HUME, PATRICK, a learned commentator on Milton, and supposed to have belonged to the Polwarth branch of the family of Home or Hume, lived about the close of the seventeenth century. The sixth edition of Paradise Lost, published by Tonson in 1695, is illustrated with Notes by him. In the fourth volume of Blackwood’s Magazine, page 658, number for March 1819, will be found a series of extracts from Hume’s Commentary, contrasted with the Notes of Mr. Callender of Craigforth, appended to the First Book of Paradise Lost, published by Foulis of Glasgow in 1750.

HUME, DAVID, a celebrated historian and philosopher, was born at Edinburgh, April 26, 1711, old style. He was the second son of Joseph Home of Ninewells, near Dunse, Berwickshire, and was the first member of the family who adopted the name of Hume. His father’s family was a branch of the earl of Home’s, but of reduced fortune. He lost his father in his infancy, and, along with a sister and elder brother, he was reared and educated under the care of his mother, the daughter of Sir David Falconer, Lord Newton, president of the court of session. He studied at the university of Edinburgh, and was destined for the law, but his strong passion for literature gave him an insuperable aversion to the legal profession; and, – as he informs us in the memoir called ‘My Own Life,’ which he wrote shortly before his death, and first published in 1777 by Mr. Strahan, to whom he left the manuscript, – while his family believed him to be poring over Voet and Vinnius, he was exclusively occupied with Cicero and Virgil. In 1734, at the persuasion of his friends, he went to Bristol, and entered the office of a respectable merchant in that city; but in a few months he discovered that commercial business was as irksome as the law, and, retiring to France, he resided for some time at Rheims, and afterwards lived for two years at La Fleche, in Anjou, quietly improving himself in literature, and subsisting frugally on his small fortune.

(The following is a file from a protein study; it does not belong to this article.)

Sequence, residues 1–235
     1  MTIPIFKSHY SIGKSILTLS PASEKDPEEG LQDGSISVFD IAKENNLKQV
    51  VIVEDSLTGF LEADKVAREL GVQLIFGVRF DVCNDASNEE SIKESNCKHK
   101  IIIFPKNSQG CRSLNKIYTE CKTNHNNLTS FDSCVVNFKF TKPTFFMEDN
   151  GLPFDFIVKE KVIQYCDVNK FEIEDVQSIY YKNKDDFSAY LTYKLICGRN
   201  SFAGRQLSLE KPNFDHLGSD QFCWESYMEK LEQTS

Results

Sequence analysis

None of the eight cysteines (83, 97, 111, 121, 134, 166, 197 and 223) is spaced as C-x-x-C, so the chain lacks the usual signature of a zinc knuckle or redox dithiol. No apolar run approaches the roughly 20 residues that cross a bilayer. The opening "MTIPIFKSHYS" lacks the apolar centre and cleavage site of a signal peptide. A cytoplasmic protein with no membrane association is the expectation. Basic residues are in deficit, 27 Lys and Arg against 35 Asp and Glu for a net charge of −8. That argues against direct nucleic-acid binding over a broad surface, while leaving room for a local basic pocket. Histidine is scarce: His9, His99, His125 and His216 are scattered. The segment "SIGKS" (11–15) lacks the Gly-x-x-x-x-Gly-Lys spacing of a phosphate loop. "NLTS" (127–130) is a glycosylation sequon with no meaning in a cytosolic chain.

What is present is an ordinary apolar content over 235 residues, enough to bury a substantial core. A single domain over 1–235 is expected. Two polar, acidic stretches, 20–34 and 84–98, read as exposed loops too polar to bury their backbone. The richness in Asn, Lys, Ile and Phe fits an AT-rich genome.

In 1737 he went to London with two volumes of his ‘Treatise on Human Nature,’ which he had composed in his retirement. The work was published in 1738, but, as he himself remarks, it “fell dead-born from the press.” In 1742 he printed at Edinburgh two volumes of his ‘Essays, Moral, Political, and Literary,’ prepared while he resided at his brother’s house at Ninewells, which met with a more favourable reception. In 1745 he was invited to reside with the young marquis of Annandale, whose state of mind at that period rendered a guardian necessary. In this situation he remained for a year, and, on the death of Professor Cleghorn, he became a candidate for the vacant chair of moral philosophy in the university of Edinburgh, but failed in his application, on account of his known infidelity.